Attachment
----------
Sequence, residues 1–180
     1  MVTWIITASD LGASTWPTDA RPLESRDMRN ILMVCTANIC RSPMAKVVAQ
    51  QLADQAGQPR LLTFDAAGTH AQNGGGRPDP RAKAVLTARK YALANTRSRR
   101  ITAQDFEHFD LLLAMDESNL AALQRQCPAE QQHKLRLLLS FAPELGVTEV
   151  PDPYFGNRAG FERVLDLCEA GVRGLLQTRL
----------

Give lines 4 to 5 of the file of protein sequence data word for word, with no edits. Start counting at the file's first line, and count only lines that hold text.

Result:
   101  ITAQDFEHFD LLLAMDESNL AALQRQCPAE QQHKLRLLLS FAPELGVTEV
   151  PDPYFGNRAG FERVLDLCEA GVRGLLQTRL